Taking the Pledge for CRM Success, Part III
Updated · Nov 29, 2001
This represents the third and final part of a three-part open letter to corporate executives who are struggling with the issue of making CRM successful in their organizations.
The first pledge can be summarized as follows: Don’t adopt new technology without a clear understanding of how it can generate economic benefit, given its potential risks and rewards, and given your organization’s design, strengths and weaknesses.
The second pledge goes something like this: Use a portfolio management matrix with quantitative performance criteria to prioritize, coordinate, consolidate and streamline CRM initiatives across different business groups within your organization. Respect the fact that different businesses have different needs, and understand what technical and business processes can be shared and/or standardized and which ones should not.
The third pledge outlines the final promise for ensuring CRM success.
Promise #3: Take responsibility for the culture of your organization, for doing the necessary preparatory work, for making the developing creative solutions and making touch decisions in designing and deploying your CRM system. Senior management must ensure that it has the right people, in the right roles, with the right skill sets and right incentives, in order to be successful.
“I promise to place the burden of formulating a CRM strategy and creating a customer-centric culture upon myself and our senior management team. We, as a team, take full responsibility for the behaviors of our employees, based on the formal incentive structure and examples we set. We recognize that leadership cannot be delegated to an outside consulting firm. It will be up to us to design our approach, make the technical, business and political trade-offs, and work together to fully leverage our assets and resources to deliver superior value to our customers.”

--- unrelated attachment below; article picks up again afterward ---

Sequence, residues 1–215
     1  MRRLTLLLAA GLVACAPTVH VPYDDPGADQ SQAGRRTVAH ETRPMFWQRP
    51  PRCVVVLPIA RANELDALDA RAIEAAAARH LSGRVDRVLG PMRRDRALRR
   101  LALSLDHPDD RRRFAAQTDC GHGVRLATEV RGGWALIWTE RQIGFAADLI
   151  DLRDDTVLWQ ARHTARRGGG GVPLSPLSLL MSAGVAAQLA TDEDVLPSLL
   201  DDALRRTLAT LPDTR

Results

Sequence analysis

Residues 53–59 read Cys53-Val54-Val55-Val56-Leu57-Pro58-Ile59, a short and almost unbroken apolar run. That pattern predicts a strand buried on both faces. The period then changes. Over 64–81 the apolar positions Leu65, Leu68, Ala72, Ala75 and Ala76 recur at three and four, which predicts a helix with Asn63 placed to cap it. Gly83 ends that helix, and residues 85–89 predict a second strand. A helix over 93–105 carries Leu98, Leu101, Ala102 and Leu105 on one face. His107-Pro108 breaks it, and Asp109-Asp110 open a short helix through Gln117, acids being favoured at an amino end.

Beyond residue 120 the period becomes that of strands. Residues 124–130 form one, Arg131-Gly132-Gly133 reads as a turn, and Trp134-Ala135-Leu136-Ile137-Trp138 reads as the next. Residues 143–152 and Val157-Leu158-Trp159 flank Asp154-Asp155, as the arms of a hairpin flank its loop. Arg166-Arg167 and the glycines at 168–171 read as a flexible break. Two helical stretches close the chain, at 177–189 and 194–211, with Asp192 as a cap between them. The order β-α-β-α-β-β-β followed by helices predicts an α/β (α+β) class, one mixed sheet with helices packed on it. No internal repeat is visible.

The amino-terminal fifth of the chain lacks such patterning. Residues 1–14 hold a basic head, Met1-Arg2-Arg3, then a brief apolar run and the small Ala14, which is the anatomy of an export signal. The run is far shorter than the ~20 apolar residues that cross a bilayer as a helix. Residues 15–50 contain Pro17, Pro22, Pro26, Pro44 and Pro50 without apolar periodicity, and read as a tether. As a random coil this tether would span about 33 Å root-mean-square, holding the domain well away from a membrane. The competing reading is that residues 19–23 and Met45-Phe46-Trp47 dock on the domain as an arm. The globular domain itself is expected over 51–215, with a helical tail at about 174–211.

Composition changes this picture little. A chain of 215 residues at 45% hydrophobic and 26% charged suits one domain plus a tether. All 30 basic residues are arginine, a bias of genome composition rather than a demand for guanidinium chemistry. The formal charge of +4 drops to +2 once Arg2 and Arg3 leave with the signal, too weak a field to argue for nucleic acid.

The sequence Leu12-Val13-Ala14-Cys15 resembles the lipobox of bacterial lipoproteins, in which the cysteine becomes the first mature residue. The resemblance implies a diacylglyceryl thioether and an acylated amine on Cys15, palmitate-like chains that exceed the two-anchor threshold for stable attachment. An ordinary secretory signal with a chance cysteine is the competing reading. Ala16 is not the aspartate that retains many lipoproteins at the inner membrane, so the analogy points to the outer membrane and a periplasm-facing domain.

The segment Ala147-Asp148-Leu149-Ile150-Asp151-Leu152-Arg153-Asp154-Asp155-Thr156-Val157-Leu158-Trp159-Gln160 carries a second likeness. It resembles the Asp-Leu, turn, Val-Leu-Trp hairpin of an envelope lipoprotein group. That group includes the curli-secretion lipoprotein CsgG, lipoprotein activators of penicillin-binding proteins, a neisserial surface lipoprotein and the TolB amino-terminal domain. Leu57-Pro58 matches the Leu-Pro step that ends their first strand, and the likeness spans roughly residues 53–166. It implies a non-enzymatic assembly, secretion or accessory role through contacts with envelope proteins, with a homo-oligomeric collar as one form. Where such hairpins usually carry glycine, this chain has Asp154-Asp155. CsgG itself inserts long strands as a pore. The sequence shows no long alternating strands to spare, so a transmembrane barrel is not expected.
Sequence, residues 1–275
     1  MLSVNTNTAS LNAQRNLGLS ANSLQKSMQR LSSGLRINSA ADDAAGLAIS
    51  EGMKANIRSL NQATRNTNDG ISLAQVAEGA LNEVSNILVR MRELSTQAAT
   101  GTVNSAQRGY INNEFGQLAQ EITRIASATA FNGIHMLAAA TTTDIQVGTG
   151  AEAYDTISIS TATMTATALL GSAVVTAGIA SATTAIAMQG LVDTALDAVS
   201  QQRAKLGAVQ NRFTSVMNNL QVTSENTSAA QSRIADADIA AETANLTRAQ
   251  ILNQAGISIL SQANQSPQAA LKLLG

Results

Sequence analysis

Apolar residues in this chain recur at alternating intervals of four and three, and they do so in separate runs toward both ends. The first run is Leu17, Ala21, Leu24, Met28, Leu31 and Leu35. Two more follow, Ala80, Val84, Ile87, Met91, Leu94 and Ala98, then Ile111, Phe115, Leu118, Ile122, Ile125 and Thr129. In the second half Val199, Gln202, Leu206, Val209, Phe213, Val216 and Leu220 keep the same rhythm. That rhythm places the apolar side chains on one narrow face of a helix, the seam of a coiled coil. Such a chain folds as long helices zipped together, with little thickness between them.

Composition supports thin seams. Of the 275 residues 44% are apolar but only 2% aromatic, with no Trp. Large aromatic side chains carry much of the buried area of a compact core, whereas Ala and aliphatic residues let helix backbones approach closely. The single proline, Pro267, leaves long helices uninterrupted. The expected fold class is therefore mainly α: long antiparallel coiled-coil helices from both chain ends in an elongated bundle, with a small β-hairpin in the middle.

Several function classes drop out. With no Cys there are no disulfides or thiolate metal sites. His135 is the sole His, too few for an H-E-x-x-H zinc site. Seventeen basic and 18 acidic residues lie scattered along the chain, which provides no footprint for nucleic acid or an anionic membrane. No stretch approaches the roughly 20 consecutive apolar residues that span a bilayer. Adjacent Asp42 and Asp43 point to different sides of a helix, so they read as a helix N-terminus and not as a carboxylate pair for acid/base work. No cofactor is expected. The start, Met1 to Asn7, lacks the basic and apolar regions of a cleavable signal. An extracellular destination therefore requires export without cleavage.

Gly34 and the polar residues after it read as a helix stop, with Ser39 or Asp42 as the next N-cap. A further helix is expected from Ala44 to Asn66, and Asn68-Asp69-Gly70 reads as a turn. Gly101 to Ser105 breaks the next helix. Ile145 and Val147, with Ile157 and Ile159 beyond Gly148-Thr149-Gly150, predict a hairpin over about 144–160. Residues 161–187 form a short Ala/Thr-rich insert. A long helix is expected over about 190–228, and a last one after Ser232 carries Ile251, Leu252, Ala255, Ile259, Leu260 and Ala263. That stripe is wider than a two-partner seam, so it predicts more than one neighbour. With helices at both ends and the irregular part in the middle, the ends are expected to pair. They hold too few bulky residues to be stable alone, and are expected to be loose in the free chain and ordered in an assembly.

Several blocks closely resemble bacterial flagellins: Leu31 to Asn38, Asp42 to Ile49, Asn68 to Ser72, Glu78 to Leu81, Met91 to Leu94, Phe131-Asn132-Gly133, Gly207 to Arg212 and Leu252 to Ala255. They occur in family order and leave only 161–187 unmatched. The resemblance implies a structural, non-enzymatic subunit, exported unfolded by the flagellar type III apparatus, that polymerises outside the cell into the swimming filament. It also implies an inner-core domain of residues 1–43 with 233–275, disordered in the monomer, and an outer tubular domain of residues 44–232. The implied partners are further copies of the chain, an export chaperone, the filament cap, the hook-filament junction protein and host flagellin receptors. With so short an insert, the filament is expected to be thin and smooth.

This is the toughest pledge to take. If you — the senior executive involved — are not the chief sponsor and architect of the solution, then the project is probably doomed to fail. Consultants (such as myself) can provide great advice, competitive perspective, knowledge of best practices and comparative analysis of solutions, but we can’t successfully implement the solution without your input, buy-in, involvement and ownership.
You need to recognize that this is your CRM system, for your organization, that you need to design and run it as part of your business tactics and strategies. It’s not some new thing dreamed up by the people at the corporate office, or, worst yet, the IT department to make things run smoothly and efficiently. You need to understand that, with CRM, automation is a result, not a cause.
Sadly, many organizations have undertaken CRM without doing their homework. The embark on a CRM implementation without first having a clear idea of:
- Their customers’ behaviors, needs and interests and how to attract and retain them
- Their business processes and how to improve them
- Their systems and applications and how to integrate them
- Their technical infrastructure and how it fits into a overarching strategy and architecture
- Their human resource/talent mix and what they need to change in order to succeed
The last point is particularly telling. Many organizations adhere to the definition of corporate insanity: using the same people, operating in the same roles, with the same skills, behaviors, loyalties and incentives — and expecting completely different results!
Do you agree? Don’t agree? Got an interesting insight, opinion or real-world example to share? What are your thoughts? Please write me at [email protected].
Arthur O’Connor is one of the nation’s leading experts on customer relationship management (CRM) and customer-facing IT systems and strategies. He’s currently the national columnist for eCRMGuide.com and this year serves as the chairperson of the Institute for International Research’s CRM Conference. Arthur has over 20 years leadership and management experience in the area of customer management, strategy and new business development, including 15 years as a senior corporate officer of two NYSE-listed inter national corporations, and over five years experience as an independent management consultant and Big 5 firm practice manager selling and managing large-scale IT engagements.